Tag Archives: Tellus Venture Associates

East Bay Broadband Report Card published by Tellus Venture Associates confirms benefits of competition

I’ve published the final report on regional broadband resources, prepared for the East Bay Broadband Consortium. The East Bay Broadband Report Card gives a community-by-community assessment of core broadband infrastructure in Alameda, Contra Costa and Solano Counties, on the eastern side of San Francisco Bay.

The top line conclusions are…

The best consumer-grade broadband service is in central Contra Costa County, in the City of Concord (A-). It was the only one of the forty cities studied that rated an “A” level grade. Walnut Creek and Pleasant Hill received “B” grades, with a high “C” given to Berkeley and Alameda. The common characteristic amongst all five is competition. All five either have or recently had three competing companies building and operating core broadband infrastructure and providing consumer-grade service.

The bottom five cities – Rio Vista (D-), Moraga (D) , Orinda (D), Clayton (D) and Dixon (D) – share one or more of three key characteristics: population densities and income levels typical of rural areas, local resistance to construction and challenging terrain. These factors play a significant role in shaping residential broadband availability.

In between, a general pattern emerges. As a rule, the further a community is from central Contra Costa County and Berkeley, the lower the quality of its broadband infrastructure and service availability. On the whole, incorporated cities tend to receive better grades than nearby unincorporated communities, indicating that municipal governments can play a role in improving broadband access.

The report has details of how the grading was done, and how broadband infrastructure in the East Bay region compares to the rest of California and to U.S. and international benchmarks.

Download the full version of the East Bay Broadband Report Card, including appendices (9.5 MB)

Download the East Bay Broadband Report Card only (2.1 MB)

Download the high resolution version of the East Bay Broadband Report Card, including appendices (81.1 MB)

Five Geek ways to celebrate Boxing Day

by Steve Blum • , ,

Like a calm, sunny morning after a hurricane, Boxing Day is a time to wallow in the luxury of nothing so urgent to do as yesterday and dream of the future without worrying about tomorrow.

Some don’t look at it that way, preferring instead to run frantically around the beach tidying up. Let them be.

The day after Christmas is a day off work in much of the erstwhile British Empire, originally an occasion to give gifts to people who work for you: a Christmas box of hand-me-down clothes and left over food bestowed on grateful servants by the lord of the manor.

But few of us have servants, grateful or otherwise, and holiday bonuses come as direct deposits with taxes and withholdings neatly trimmed out. So we can relax and enjoy a day with no particular obligations except those we choose to savor.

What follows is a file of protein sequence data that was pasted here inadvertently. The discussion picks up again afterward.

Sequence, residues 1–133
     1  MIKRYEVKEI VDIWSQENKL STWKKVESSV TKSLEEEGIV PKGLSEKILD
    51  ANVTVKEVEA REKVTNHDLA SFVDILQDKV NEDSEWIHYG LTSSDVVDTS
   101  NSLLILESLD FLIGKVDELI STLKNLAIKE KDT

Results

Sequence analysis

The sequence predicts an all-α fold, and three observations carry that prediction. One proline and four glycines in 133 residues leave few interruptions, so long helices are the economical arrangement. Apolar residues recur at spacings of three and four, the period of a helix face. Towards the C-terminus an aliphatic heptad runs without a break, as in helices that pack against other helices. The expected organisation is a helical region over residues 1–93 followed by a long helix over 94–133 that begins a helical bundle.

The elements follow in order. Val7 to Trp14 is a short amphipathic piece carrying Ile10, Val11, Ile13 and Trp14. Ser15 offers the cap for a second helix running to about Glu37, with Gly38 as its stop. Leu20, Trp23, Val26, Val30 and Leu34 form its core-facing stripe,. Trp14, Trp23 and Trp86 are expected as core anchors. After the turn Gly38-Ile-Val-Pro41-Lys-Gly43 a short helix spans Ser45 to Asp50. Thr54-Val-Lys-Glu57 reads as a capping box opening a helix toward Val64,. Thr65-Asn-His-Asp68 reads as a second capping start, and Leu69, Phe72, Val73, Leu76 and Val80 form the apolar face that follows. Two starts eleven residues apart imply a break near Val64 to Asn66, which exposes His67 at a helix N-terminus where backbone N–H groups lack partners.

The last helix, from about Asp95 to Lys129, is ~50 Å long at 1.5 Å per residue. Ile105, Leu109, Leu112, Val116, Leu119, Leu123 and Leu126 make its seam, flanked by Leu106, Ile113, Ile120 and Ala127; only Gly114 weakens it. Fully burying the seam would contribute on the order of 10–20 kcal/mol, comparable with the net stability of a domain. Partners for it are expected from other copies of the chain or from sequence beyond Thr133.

For me, it’s a chance to achieve inner peace through simple Geek pleasures.

  • Play with a new language. Whatever it is – Python, php, Pascal – hack at it until you grok.
  • Read space opera. Whether it’s the rigor of Alastair Reynolds, the omnipotence of David Weber or the pulp nostalgia of Doc Smith, embrace the guilty pleasure of star spanning adventure with a thick book in a quiet place.
  • Ride a bike to the shopping center, cruise around back and see what’s being thrown out. You never know where your next big idea will come from.
  • Transform a gift. Take a screwdriver to an old gizmo, reverse engineer it and make it do something new. Turn a digital frame into a weather station, a talking doll into a remote control, a Princess phone into a zombie detector. Then give it to a friend with a sense of humor.
  • Show a kid how to make a crystal radio. The hardest part is finding a kid with a sufficient attention span. If you can, the sense of wonder at building working electronics by hand with raw materials will last a lifetime. For both of you.

Happy holidays, and may the Great Bird of the Galaxy bring serenity to your planet!

Nothing wrong with competition – CASF update

I filed reply comments today regarding the California Public Utilities Commission’s (CPUC) review of eligibility requirements for construction subsidies from the California Advanced Services Fund (CASF). The first round of comments were reasonably evenly split between the ayes and the nays. My comments put me in the yes camp too.

To baldly go.

In particular, I took issue with the cable television lobby, the California Cable and Telecommunications Association (CCTA). What they want is to allow existing telecoms companies to be able to get funding for any eligible area under normal rules, but put ridiculous restrictions on local governments, independent ISPs and other non-traditional broadband providers. Ridiculous to the point that it gives lie to their poker-faced claim to support eligibility expansion.